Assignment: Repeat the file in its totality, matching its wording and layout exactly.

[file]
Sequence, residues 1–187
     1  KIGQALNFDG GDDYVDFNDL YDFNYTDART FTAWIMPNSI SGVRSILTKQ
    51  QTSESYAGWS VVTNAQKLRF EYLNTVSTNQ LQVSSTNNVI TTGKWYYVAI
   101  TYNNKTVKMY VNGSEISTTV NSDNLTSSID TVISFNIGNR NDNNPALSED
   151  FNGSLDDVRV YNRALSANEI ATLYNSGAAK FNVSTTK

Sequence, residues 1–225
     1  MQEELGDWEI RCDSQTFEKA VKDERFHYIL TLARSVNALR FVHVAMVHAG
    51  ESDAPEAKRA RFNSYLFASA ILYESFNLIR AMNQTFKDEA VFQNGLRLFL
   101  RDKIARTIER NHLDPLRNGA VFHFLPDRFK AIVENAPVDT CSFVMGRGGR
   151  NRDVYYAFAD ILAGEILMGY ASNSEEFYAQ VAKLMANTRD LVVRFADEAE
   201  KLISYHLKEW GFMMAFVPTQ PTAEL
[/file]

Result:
Sequence, residues 1–187
     1  KIGQALNFDG GDDYVDFNDL YDFNYTDART FTAWIMPNSI SGVRSILTKQ
    51  QTSESYAGWS VVTNAQKLRF EYLNTVSTNQ LQVSSTNNVI TTGKWYYVAI
   101  TYNNKTVKMY VNGSEISTTV NSDNLTSSID TVISFNIGNR NDNNPALSED
   151  FNGSLDDVRV YNRALSANEI ATLYNSGAAK FNVSTTK

Sequence, residues 1–225
     1  MQEELGDWEI RCDSQTFEKA VKDERFHYIL TLARSVNALR FVHVAMVHAG
    51  ESDAPEAKRA RFNSYLFASA ILYESFNLIR AMNQTFKDEA VFQNGLRLFL
   101  RDKIARTIER NHLDPLRNGA VFHFLPDRFK AIVENAPVDT CSFVMGRGGR
   151  NRDVYYAFAD ILAGEILMGY ASNSEEFYAQ VAKLMANTRD LVVRFADEAE
   201  KLISYHLKEW GFMMAFVPTQ PTAEL